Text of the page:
If you’re struggling to write something new or can’t work out how to approach a new translation, go back over a similar piece you did and try and get in the zone. No one ever started from a truly blank page.
Writer’s block happens when you lose the thread of what you were doing. It’s all about getting back into your rhythm.
#4 Mastering different styles
If you work in-house for a brand or at an international institution like the EU, there will usually be a specific style guide to follow. But if you’re freelance, you have to work in multiple styles and it can be tough switching between different tones of voice.
This comes more easily with experience. But if you’re just starting out, it pays off to practise in between projects.
Exercices de style by Raymond Queneau shows just how many different effects you can create as writer. The same passage is written in over 100 different ways (metaphorical, understated, exaggerated, in reverse chronological order, in the present tense, in the past, in verse, as a play, focused on colour, focused on sounds, etc.)
Try the same thing with something you’ve written. You’re guaranteed to become a more confident, versatile writer and more adventurous when it comes to taking on new clients and projects.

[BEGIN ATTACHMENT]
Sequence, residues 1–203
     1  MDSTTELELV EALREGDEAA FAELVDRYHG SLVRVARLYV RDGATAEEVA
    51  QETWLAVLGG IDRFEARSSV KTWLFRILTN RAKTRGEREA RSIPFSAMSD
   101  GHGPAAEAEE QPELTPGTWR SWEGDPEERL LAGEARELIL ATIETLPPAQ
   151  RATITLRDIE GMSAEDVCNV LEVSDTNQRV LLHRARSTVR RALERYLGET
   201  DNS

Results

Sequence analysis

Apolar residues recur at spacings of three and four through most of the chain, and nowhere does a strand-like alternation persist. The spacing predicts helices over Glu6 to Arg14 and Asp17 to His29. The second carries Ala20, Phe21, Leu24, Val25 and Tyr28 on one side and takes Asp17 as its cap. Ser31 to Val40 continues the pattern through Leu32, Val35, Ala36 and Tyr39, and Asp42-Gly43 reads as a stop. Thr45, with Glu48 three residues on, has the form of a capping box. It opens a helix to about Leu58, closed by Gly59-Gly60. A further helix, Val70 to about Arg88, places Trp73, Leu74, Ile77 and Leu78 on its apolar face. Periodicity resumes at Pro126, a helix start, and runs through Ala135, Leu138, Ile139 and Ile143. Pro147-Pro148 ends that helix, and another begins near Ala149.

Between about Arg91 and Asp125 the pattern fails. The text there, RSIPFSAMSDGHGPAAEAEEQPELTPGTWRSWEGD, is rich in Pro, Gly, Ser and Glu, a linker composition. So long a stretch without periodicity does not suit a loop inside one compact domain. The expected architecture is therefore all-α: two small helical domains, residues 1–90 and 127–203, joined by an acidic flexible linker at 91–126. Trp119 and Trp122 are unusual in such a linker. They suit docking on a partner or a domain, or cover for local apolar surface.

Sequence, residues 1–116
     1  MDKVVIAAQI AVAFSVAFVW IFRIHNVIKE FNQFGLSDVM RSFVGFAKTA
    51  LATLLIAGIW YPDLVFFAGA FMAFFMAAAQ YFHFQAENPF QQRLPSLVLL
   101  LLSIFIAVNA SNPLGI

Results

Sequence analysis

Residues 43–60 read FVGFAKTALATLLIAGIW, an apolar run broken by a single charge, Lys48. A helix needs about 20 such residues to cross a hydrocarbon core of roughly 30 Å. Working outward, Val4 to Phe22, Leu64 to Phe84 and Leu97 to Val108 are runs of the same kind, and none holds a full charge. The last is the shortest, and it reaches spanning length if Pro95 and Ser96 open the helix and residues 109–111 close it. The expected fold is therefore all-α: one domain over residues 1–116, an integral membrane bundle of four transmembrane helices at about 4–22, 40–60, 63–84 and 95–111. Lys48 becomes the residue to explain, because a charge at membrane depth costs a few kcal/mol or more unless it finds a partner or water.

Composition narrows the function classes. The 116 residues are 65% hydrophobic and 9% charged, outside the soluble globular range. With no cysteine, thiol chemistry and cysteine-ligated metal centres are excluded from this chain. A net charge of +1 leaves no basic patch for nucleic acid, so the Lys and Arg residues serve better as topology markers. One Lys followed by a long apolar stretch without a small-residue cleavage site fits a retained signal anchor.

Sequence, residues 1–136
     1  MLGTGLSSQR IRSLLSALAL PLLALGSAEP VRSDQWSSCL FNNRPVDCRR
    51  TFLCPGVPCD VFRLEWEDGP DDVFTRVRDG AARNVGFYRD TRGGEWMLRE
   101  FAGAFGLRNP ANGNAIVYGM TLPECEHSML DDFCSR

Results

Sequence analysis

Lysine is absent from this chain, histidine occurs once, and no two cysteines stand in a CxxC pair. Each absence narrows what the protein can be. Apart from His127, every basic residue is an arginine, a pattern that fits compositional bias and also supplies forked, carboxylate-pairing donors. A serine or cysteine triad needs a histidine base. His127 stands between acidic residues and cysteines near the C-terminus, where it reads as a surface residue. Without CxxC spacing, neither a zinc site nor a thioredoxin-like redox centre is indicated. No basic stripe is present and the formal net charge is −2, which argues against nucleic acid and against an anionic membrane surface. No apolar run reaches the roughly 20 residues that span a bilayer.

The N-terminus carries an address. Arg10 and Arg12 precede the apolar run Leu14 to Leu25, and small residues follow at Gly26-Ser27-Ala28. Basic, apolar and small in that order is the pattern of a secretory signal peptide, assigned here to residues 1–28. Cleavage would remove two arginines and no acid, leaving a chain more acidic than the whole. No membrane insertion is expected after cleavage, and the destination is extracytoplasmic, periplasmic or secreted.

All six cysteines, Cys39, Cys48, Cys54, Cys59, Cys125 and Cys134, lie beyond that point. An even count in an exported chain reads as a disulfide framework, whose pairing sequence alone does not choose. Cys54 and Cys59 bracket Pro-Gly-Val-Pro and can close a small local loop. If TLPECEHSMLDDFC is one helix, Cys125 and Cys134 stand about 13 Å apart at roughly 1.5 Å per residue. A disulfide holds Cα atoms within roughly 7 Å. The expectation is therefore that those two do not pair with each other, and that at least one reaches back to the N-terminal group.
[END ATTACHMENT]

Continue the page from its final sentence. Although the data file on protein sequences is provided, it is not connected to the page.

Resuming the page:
Another good exercise (stolen from a copywriting handbook) is to write the same news headline and story in the style of a broadsheet newspaper and then rewrite it for a tabloid.
#5 You can’t be what you can’t see
A much overused and clichéd phrase but the truth is we all need to find heroes to inspire us and give us something to aim for.
Here are some of the people who have inspired me:
- Fay Weldon, one of my favourite writers of all time. I go back to her autobiography Auto da Fay and semi-autobiographical novel Mantrapped again and again for insight into how she honed her skills as a novelist, screenwriter, and commercial copywriter.
- Michael Hodges, who wrote a column called ‘Slice of Life’ in Time Out London (in the days before it went fremium and died a slow death). He can write about literally nothing – the most mundane moments in a Londoner’s life – and make it original and entertaining.
- Bernard Scudder, an Icelandic-to-English translator who used to translate the Scandi Noir crime novels by Arnaldur Indriðason. He also created the English subtitles for the arthouse film Jar City (an adaptation of one of Indriðason’s novels). The tone of his translations was always bang on. He captured the personality of each character while transferring the dialogue into fluent English.
Finally, define what success means to you.
For some people, it might be winning industry awards or being recognised for your work. For others, it might be achieving a certain salary or just working with a certain brand.
For me, being successful meant making a living out of what I love. Then it was being able to set up a company and work with a team instead of on my own.Your goals will change over the years but never lose sight of your successes.